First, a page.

Bye-bye, Sandra Fluke. Hello, Joni Ernst

Charlotte Hays
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Posted: Nov 07, 2014 12:01 AM
Bye-bye, Sandra Fluke. Hello, Joni Ernst

While the “War on Women” rhetoric may have contributed significantly to President Obama’s gaining a second term in 2012, in 2014 it couldn’t even get Sandra Fluke, the former Georgetown Law student who crusaded to make Jesuits pay for birth control, elected dog catcher.

Well, she was really running for a seat in the California state Senate, but, given her retro campaign (she still lives in the halcyon days when Rush Limbaugh called her a naughty name), she probably couldn't have won the county dog catcher slot.

No word yet on the actual dogcatcher races run on a "War on Women" theme, but the carnage at higher levels is of historic proportions. The Senate and House are more Republican than they have been for decades. The Democrats who tied themselves to the “War on Women” ploy will be spending more time with their families.

For example, despite his best efforts, defeated Colorado Senator Mark “Uterus” Udall, whose campaign was described by one pundit as “wall-to-wall gynecology,” was unable to frighten women into believing the GOP was coming for their contraception.

Udall nevertheless continued on this quixotic path even after his opponent, victorious Republican Senator-elect Cory Gardner, came out for making forms of contraception - that are now prescription only - available over the counter. “War on Women” warriors, apparently, do not give up easily.

Other casualties included the gaffe-prone Alison Lundergan Grimes, who, having been trounced by incumbent Kentucky Senator Mitch McConnell, woke up Nov. 5 to the dispiriting reality that nobody gives a tinker’s damn any more who she voted for in 2012, and the similarly gaffe-prone Texas gubernatorial aspirant Wendy Davis.

The deck was always stacked against Davis in red state Texas, but her early supporters thought she would win by beating the “War on Women” drum. That was before she turned into Todd Akin in pink Mizuno Women's Wave Rider 16 Running sneakers. I guess she had to take the sneakers off to put her foot in her mouth, though. A fixation on her opponent, Governor-elect Greg Abbott’s wheelchair, did not serve to make her more—uh—personally attractive.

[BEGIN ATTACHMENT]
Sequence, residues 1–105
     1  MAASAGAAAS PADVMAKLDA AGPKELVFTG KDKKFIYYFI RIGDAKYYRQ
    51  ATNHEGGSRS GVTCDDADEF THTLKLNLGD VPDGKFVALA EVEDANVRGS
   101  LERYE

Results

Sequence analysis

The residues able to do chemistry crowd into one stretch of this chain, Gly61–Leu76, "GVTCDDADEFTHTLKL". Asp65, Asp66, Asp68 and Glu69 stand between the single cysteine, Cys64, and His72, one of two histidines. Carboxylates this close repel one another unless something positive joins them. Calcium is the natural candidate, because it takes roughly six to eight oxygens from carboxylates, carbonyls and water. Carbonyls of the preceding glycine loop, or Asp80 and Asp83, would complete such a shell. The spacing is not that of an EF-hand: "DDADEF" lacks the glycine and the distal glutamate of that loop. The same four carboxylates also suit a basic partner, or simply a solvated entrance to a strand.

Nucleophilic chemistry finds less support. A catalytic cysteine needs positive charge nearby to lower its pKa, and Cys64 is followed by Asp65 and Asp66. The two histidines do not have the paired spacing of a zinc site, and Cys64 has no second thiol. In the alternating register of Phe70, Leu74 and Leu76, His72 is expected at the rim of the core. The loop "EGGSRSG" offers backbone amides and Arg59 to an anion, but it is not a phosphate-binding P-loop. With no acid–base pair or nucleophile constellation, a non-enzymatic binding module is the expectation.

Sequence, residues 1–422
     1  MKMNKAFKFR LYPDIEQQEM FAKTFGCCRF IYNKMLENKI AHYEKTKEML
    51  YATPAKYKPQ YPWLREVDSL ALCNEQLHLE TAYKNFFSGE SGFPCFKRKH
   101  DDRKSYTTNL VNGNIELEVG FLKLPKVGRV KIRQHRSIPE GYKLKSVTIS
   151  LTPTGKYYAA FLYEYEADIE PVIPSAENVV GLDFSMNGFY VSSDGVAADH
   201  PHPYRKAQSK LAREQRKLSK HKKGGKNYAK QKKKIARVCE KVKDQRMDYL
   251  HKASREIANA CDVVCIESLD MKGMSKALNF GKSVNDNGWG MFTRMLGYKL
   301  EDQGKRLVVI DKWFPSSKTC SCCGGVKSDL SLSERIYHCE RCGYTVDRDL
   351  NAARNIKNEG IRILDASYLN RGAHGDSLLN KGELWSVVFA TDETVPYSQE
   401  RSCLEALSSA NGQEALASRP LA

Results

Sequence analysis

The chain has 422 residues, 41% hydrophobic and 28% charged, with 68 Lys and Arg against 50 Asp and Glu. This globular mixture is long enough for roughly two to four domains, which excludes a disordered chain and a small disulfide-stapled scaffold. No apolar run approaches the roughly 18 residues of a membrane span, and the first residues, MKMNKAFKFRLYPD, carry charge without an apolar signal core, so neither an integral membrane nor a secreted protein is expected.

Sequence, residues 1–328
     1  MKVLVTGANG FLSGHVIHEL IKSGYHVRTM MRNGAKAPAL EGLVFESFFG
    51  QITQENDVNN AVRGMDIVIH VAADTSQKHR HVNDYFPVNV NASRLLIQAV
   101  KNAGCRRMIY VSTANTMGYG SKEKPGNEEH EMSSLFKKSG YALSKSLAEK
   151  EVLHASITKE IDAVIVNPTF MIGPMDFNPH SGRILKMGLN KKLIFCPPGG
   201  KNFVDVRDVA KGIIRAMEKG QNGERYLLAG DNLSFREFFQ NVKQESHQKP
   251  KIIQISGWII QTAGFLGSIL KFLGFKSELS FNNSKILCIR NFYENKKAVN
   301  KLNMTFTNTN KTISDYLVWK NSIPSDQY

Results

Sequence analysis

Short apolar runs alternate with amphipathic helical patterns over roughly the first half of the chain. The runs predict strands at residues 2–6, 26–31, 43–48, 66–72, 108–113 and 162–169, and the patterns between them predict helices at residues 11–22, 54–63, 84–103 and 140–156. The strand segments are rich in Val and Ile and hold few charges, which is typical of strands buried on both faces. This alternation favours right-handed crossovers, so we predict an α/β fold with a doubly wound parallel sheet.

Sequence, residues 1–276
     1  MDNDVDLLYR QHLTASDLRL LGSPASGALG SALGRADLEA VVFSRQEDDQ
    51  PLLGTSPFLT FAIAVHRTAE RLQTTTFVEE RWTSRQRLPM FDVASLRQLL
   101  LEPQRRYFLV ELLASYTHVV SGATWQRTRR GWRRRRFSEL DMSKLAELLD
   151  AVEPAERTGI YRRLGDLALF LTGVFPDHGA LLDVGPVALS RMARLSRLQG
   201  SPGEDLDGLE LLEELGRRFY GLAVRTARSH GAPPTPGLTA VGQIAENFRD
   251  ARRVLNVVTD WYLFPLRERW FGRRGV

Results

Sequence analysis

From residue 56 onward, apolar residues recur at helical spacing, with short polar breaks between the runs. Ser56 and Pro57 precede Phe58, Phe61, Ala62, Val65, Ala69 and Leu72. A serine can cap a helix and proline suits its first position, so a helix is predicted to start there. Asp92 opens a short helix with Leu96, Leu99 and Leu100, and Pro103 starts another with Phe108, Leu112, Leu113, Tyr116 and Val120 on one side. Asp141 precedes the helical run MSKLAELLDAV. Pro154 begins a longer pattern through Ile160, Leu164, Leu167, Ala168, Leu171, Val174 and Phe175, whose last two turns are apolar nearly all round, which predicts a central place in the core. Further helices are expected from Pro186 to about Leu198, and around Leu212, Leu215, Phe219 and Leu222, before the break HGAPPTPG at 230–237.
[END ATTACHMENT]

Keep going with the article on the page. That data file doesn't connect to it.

Iowa Senator-elect Joni Ernst won handily even though her (male) opponent Bruce Braley tried to brand her as anti-woman. (It’s complicated, but the “War on Women” has less to do with actual women and everything to do with promoting big government and dependency.)

Since I am not a fan of identity politics, I note with reservation that all and all the GOP had a good night with women candidates. Shelley Moore Caputo is replacing retiring Democratic Senator Jay Rockefeller from West Virginia, and Mia Love sailed to victory for a House seat from Utah. New York’s Elise Stefanik, 30, became the youngest woman ever elected to Congress.

Why didn’t the “War on Women” help the Democrats in 2014? The better question might be, “Why did it help the Democrats in 2012?” I have a theory: the Democrats and pundits designated this year’s election as an “election about nothing,” but it was really the 2012 race that fits that description. There were serious issues on the horizon in 2012, but the Democrats managed to keep the lid on Pandora’s box. The economy: it’s getting better. Terrorism: hey, Bin Laden is dead, and GM is alive. Benghazi: a movie review gone bad.

But you can hide the truth only so long, and Democrats couldn’t keep the lid on in 2014. ISIS can’t be passed off as the result of a video, and stagnant wages are all too real for millions of Americans. The joke version of this harsh reality was contained in an email I received from a friend: “When you go to vote on Tuesday, ask yourself this question: Am I more likely to be broke, infected, or beheaded than I was six years ago?”

The “War on Women” was always a luxury item—something to use in a frivolous campaign year. But the chips are down abroad and things are hard at home. The GOP never cared one way or the other about a woman’s birth control, and so the whole controversy was phony. I think the Democrats, in designing the “War on Women,” opted to make birth control and “issue” precisely because most people in the U.S. don’t have moral qualms about it. But, in defending the right to religious liberty of people who do have moral reservations, the GOP could be painted as backward and dangerous.

But that was then, and this now. And now, with a dangerous world becoming more dangerous by the minute, we don’t want to waste time debating whether Jesuits and evangelical Christians should be browbeaten into picking up the tab for Sandra Fluke’s birth control. We aren’t thinking about the luxury item—the “War on Women” item—this year but about the basic, everyday items, such as defending our nation from terrorism and paying for health insurance under the burdens imposed by ObamaCare.

In 2014, the voters got real, and it inevitably followed that the “War on Women” was exposed for the sham it always was.